On 18 June 2013, the UK Government published a policy paper setting out the steps it proposes to take to implement the Financial Action Task Force’s revised standards on combating money laundering.
These proposals are likely to lead to changes to the Companies Act 2006 (CA 2006) that will result in more vigorous disclosure requirements regarding companies’ ultimate beneficial ownership. The focus of the changes will be on improving corporate governance and tackling a wide range of illicit activity that is perceived to be carried on through companies with anonymous beneficial ownership structures.
The UK Government is seeking to impose a positive obligation on companies to obtain and hold adequate, accurate and current information on their beneficial ownership.
This obligation would be implemented by amending the Companies Act 2006 to require that the information on ownership and control is accurate and readily available to the authorities through a central registry that would be maintained by Companies House. The Government has said it will consult on whether or not information in the registry should be publicly accessible.
The proposals also apply to trusts. The trustees of express trusts will be obliged to obtain and hold adequate, accurate and current information on beneficial ownership. They will also need to put in place mechanisms to ensure that the relevant competent authorities have access to this information.In addition, the Department for Business, Innovation and Skills intends to carry out a review of corporate transparency, including bearer securities and nominee directors. The review will start with the publication of a pre-consultation paper before September 2013.
Ordinarily, a company must issue a share certificate for shares issued to its members within two months of the allotment (Section 769(1), CA 2006) or the date of transfer (Section 776(1), CA 2006). This obligation does not, however, apply where the company instead issues to the allottee a share warrant before the expiry of the two month period. This statutory exception applies only if a company’s articles expressly authorise a share warrant to be issued in respect of any fully paid-up allotted or transferred share.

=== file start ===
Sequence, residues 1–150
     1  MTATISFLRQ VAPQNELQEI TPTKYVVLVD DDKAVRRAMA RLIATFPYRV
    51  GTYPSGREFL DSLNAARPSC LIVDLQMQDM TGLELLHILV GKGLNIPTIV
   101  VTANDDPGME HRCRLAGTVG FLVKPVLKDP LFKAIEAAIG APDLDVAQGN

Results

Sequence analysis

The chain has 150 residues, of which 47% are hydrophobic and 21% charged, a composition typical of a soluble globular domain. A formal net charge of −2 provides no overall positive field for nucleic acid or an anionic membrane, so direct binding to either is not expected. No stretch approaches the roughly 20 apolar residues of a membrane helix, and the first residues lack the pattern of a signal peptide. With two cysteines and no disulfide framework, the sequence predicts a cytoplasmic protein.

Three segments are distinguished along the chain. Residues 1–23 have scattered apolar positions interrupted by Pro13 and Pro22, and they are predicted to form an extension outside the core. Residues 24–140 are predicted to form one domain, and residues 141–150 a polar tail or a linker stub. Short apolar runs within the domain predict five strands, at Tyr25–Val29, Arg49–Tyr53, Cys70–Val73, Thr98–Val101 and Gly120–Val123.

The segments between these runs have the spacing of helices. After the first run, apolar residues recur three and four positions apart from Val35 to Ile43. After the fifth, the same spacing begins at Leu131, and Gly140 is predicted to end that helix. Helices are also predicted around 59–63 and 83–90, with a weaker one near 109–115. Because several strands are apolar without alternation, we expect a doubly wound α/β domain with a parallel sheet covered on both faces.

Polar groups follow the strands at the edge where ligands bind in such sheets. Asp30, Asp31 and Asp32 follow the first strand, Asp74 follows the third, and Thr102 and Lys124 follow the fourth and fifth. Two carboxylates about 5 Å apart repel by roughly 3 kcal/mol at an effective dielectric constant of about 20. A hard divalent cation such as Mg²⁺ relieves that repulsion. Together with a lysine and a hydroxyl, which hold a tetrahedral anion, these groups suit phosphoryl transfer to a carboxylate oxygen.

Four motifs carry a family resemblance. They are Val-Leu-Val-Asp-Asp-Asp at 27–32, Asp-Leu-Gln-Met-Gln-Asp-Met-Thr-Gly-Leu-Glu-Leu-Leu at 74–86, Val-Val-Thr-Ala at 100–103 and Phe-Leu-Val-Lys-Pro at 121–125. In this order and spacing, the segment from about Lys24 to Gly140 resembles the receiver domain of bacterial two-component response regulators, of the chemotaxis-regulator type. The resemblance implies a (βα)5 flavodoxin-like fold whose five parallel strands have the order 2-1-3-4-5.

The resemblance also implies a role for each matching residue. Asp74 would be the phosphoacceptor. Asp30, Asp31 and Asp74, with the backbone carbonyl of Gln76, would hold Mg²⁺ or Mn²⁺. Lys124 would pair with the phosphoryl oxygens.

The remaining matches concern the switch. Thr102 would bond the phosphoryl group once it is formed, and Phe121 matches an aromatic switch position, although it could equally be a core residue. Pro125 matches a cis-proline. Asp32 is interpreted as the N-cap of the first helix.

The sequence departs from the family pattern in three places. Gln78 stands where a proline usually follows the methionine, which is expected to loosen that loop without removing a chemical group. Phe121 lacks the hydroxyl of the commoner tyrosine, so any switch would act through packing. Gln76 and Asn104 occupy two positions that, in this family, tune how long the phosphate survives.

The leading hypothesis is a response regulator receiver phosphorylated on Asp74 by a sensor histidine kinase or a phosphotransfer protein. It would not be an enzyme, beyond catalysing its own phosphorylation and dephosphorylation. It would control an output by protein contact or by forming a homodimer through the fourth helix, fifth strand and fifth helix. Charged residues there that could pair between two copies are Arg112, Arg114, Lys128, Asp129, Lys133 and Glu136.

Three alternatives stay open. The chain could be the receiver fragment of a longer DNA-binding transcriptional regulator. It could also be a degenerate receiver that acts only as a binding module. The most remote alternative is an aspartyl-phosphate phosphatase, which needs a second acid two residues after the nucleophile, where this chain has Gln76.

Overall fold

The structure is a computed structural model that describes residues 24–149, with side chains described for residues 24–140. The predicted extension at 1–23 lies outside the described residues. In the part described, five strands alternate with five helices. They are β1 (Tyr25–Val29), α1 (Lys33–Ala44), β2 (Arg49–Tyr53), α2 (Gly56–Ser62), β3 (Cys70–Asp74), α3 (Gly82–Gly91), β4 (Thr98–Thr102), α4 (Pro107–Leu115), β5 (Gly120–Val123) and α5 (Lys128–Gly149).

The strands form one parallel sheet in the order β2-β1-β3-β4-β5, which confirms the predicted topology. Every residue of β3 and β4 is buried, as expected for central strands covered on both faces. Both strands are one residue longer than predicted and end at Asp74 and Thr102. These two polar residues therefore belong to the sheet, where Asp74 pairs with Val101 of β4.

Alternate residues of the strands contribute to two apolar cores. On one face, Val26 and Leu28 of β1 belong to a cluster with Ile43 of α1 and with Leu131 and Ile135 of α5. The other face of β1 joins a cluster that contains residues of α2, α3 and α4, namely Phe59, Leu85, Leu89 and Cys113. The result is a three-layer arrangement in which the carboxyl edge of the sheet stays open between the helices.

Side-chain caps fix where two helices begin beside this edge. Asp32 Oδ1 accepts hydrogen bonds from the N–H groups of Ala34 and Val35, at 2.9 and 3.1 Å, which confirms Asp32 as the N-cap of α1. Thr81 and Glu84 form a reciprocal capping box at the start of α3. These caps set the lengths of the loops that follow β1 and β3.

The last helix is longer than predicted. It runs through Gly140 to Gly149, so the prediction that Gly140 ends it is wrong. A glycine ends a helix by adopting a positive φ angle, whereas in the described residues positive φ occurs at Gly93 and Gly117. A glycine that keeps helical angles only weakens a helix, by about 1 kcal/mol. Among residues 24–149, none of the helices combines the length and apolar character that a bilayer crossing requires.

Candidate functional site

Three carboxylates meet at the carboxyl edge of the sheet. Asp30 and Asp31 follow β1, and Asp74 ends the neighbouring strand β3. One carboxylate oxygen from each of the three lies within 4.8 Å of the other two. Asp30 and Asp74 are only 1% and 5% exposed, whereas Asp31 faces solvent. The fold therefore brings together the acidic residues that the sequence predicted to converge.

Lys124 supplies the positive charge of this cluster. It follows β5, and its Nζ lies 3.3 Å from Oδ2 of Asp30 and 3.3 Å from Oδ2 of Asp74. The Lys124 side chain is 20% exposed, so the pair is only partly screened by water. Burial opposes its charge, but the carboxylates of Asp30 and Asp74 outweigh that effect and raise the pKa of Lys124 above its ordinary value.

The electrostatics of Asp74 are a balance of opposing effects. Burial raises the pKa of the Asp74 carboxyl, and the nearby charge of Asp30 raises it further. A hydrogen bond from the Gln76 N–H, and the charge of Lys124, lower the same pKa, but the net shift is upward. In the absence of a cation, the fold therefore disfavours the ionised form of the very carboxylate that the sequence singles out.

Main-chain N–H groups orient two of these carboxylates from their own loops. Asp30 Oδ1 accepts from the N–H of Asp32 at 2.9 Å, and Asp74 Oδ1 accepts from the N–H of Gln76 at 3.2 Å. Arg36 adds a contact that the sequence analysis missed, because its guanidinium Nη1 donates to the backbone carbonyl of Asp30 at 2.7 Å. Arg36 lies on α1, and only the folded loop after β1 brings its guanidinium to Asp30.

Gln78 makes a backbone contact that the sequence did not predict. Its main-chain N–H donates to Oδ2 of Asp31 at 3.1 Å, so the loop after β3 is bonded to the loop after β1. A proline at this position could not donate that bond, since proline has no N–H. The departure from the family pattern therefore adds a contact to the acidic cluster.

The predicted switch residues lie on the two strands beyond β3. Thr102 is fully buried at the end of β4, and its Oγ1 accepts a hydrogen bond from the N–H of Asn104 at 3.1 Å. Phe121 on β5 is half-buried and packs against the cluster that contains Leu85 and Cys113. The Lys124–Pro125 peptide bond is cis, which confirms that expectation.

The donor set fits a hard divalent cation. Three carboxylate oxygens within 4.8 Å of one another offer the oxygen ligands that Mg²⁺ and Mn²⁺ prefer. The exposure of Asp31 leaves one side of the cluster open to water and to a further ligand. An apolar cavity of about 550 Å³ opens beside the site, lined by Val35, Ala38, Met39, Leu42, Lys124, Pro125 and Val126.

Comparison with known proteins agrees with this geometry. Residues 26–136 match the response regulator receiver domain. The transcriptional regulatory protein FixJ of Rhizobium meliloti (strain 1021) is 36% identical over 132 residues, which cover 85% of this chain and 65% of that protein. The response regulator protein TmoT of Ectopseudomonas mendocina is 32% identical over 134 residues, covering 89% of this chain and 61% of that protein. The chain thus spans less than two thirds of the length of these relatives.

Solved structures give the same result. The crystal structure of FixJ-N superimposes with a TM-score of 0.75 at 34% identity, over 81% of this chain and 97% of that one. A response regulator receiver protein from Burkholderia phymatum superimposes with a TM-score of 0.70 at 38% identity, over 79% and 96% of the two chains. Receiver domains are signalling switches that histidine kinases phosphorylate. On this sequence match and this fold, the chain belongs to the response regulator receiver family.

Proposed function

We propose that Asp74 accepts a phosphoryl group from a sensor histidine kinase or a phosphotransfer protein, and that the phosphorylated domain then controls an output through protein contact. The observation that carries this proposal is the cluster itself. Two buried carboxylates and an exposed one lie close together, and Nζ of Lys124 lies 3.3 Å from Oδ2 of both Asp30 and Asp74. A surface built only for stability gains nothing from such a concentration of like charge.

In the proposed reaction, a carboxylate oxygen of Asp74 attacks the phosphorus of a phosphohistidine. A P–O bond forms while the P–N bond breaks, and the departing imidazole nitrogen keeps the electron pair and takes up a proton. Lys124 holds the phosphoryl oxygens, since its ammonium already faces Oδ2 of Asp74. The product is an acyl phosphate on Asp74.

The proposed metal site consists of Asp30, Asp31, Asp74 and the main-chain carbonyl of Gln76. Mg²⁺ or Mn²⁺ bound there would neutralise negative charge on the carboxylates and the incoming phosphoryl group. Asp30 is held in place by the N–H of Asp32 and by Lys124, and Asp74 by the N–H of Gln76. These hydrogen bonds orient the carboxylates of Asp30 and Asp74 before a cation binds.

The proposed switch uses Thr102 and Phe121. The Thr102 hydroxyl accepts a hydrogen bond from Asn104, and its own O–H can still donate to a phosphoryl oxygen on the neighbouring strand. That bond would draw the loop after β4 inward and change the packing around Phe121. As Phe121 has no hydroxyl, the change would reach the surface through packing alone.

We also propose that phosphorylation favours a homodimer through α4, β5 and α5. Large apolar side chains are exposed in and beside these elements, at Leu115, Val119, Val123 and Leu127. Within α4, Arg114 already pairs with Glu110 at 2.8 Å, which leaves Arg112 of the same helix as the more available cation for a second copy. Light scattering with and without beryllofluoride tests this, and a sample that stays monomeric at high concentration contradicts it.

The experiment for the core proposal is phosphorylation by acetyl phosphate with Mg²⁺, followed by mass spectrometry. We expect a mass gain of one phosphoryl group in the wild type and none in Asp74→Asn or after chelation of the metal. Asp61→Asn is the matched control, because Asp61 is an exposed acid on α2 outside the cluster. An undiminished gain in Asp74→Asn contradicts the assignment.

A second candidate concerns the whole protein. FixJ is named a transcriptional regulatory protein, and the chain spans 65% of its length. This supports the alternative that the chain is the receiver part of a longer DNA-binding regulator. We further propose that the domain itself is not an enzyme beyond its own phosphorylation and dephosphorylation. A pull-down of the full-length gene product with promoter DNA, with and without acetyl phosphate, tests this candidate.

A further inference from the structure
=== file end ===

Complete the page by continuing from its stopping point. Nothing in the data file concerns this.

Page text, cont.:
Although the name of the holder of a share warrant does not appear in the issuing company’s register of members, he or she is absolutely entitled to the shares stated in the warrant. The bearer of a warrant is therefore a shareholder in the issuing company, but not a member, within the meaning given in Section 112(2) of the CA 2006. It is, however, common for the holder of a share warrant to have the same rights and privileges as a registered member, such as voting rights and a right to future dividends on the warrant.
Importantly, unlike the transfer of certificated shares, the transfer of shares subject to a share warrant takes effect by delivery and, as a result, the ownership and control of a company that has issued share warrants can change anonymously.
The new obligations could lead to the end of UK companies issuing bearer share warrants as a means of concealing the identities of their shareholders.
In light of the UK Government’s express intention to increase transparency of company ownership, the United Kingdom may consider following other European jurisdictions, such as Belgium, that have introduced laws prohibiting the future issue of bearer securities. Alternatively, the Government may consider limiting the issue of bearer securities to only public companies.